3. Chiang Mai – Sheraton is a short Tuk-Tuk ride from the centre. Incredible value at around THB3500 per night.
4. Chiang Rai The Wiang Inn is centrally placed and handy to stroll around the city.
5. Mae Hong Son – Imperial Tara Hotel – poolside rooms cost a few baht more.

Bringing in the catch at Prachuap Khiri khan
Bringing in the catch at Prachuap Khiri khan
In the hill country and rural areas there are no clubs at all. Traditional life in Thailand is a far cry from sophisticated night life. In Kanchanaburi on the River Kwai huge disco barges ply for private hire - their noise is cataclysmic and their clients invariably Thai. In Hua Hin there is a wide choice of nightlife – check with your hotel where is hot! Frequently, the best nights out are to be found in restaurants, bars or the hotel itself. Chiang Mai has enough nightlife to keep you happy until the early hours – but of course all Thailand’s clubs and bars now close at 1.00am.

Elephants at Mae Sa Camp
Elephants at Mae Sa Camp
Again rural areas and small towns will have few bars. In Thailand “pubs” are mainly bars, restaurants or, both combined. They are always friendly and both male and female farang customers feel equally at home. Everywhere the local tipples of Singha, Chang or Leo, the excellent lager type beers, are sold by the glass or the bottle. Sang-Som Similian is a magnificent export quality rum – delicious mixed with coca-cola. Again, all at a fraction of western prices!

The best two pubs in Chiang Mai are the Red Lion (an English Pub) next door to an atmospheric German Pub, both by the night market opposite to McDonalds (if you must). Both pubs serve excellent western and Thai food and cater for mainly ex-pats and tourists. The Irish Pub is a short Tuk-Tuk ride away in the old city but again - great food, booze and even Guinness on draft.

Wherever you stop in Thailand you are sure to find sustenance. The toast is “chock dee kap” or good luck, so raise your glass and enjoy!

Wat Ratchaburana Ayutthaya
Wat Ratchaburana Ayutthaya
Thai people constantly graze their way throughout the day, eating small amounts often. Consequently food is sold from dawn to dusk. Food is everywhere, stalls at street corners or roadsides, through to swanky hotels and restaurants. Everything food wise is so affordable when you travel around Thailand. The bonus is that in over 30 years of visiting and eating in Thailand I have never once been stricken with tummy troubles.

Plern Smud Restaurant on the Beach Road in Ketchikan Khirikhan; - Absolutely fresh sea food and the most delicious steamed crab with fried rice – all for a few baht.

Whole Earth, 88 Sri Donchai Road is one of Chiang Mai’s best -serves primarily Indian food in an old teak house – very romantic setting

“The Gallery” and “The Good View” both serve first rate Thai food. Situated on the eastern bank of the Ping River almost next door to each other on Charoen Rat Road Chiang Mai.

The German and English pubs on Huay Kaeo Road serve great food.

Other recommendations:
The end to a perfect day watching another spectacular sunset on Koh Samui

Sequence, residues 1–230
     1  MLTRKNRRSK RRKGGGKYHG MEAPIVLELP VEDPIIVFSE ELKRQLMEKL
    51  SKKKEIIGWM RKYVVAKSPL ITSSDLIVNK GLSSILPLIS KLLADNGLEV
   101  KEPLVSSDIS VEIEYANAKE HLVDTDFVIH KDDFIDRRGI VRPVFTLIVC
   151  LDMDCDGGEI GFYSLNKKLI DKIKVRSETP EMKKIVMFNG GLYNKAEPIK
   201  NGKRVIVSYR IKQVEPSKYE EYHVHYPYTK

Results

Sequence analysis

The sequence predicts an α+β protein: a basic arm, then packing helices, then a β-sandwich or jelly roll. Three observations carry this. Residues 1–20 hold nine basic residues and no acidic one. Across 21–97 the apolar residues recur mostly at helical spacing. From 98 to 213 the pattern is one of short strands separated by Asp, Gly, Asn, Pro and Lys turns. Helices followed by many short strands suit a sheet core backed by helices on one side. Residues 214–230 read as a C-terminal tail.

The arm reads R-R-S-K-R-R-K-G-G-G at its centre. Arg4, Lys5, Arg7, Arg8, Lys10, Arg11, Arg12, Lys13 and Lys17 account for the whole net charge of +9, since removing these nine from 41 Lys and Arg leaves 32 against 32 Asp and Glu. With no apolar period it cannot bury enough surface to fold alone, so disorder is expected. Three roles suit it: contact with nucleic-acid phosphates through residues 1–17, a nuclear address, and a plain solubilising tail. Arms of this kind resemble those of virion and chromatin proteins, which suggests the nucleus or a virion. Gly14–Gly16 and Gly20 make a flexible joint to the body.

The end to a perfect day watching another spectacular sunset on Koh Samui
Tips and information:-

The best time to visit is October to March when the climate is hot and sunny

Currency: - 75 Thai Baht = £1. 40 = US$1. 52 =€1

An International driving licence is required.

Further reading and research:-
Guides by:- Michelin, (+ their great road atlas too)DK Guide, Lonely Planet, National Geographic.
Farang magazine sold in Thailand also gives great pertinent travel info.
3 month visas are granted to most nationalities on entry – check out at

Do try a proper Thai massage – a relaxing treat not to be missed.

Some interesting Thai web sites:

Published on Saturday December 18th, 2004

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Sat, Apr 04 2009 - 04:57 PM rating by maineart

Hi Britman, I googled what my wife and I plan to do this July. "DRIVE THROUGH THAILAND" and your report came up. I didn't need to look any further for more information it was all contained in your report. I would like to contact you for some specifics on vehicle rental names/locations and time and distance between locations and such. We would like to a similar trek.

Thu, Oct 27 2005 - 11:19 AM rating by etelka610

Brit, this report is fantastic! You obviously have a passion for Thailand. It is one of the countries I am keenest to travel to I shall be making the trip within the next 12 months - if all goes to plan... I shall certainly be referring to this for guidance, a great source of information. Thankyou.

Sun, Oct 16 2005 - 05:10 AM rating by joe_schmidt

Sounds like visiting Thailand is a must!


Sun, Apr 10 2005 - 04:03 PM rating by carolr

Hi Brit,
My son has just rewturned and brough me some chiangmai green tea which I have discovered I like, despite the huge ! leaves. Thank you for your wonderful report, it brought Thailand to lfe for me! Really good!

Mon, Jan 10 2005 - 09:35 PM rating by picasso

Wow ,one more Masterpeace ,i can't even find words how to express my filligs,i have been reading it over and over for a coupple of times.

Thank you Brit -*****+


Fri, Dec 31 2004 - 03:10 AM rating by fieryfox

I totally agree that the best way to explore a country is by self-drive! Not totally a crazy idea if you have the time. I particularly enjoy adventures and documentaries about 4x4 journeys into the countryside and this report offered the reader many useful insights before embarking on the journey. Thanks for sharing.

Wed, Dec 22 2004 - 12:52 AM rating by gloriajames

loved your report! keep it coming brit!!

Tue, Dec 21 2004 - 10:03 AM rating by mistybleu

Great report, very informative and with great illustrations.
Rgds Misty

Mon, Dec 20 2004 - 01:07 PM rating by bear495

ANother awesome report, Brit. I am so very thankful that I have your acquaintance. Great work!


Mon, Dec 20 2004 - 07:27 AM rating by esfahani

No comment! - simply good! Thanks, Ralph

Sun, Dec 19 2004 - 06:13 AM rating by ravinderkumarsi

hii brit
marvelous report ,great to read ,you have narrated it very nicely..
well i have to learn a lot from you in report writing

Sat, Dec 18 2004 - 09:44 PM rating by magsalex

What a wonderful report. Loved the picture of the Hmong children - i taught , or tried to, in a Hmong school in Ban Khun Wang, north of Chiang Mai. Love this part of Thailand as i spent several months living there. Hoping to return in the not too distant future!

Sat, Dec 18 2004 - 02:33 PM rating by rangutan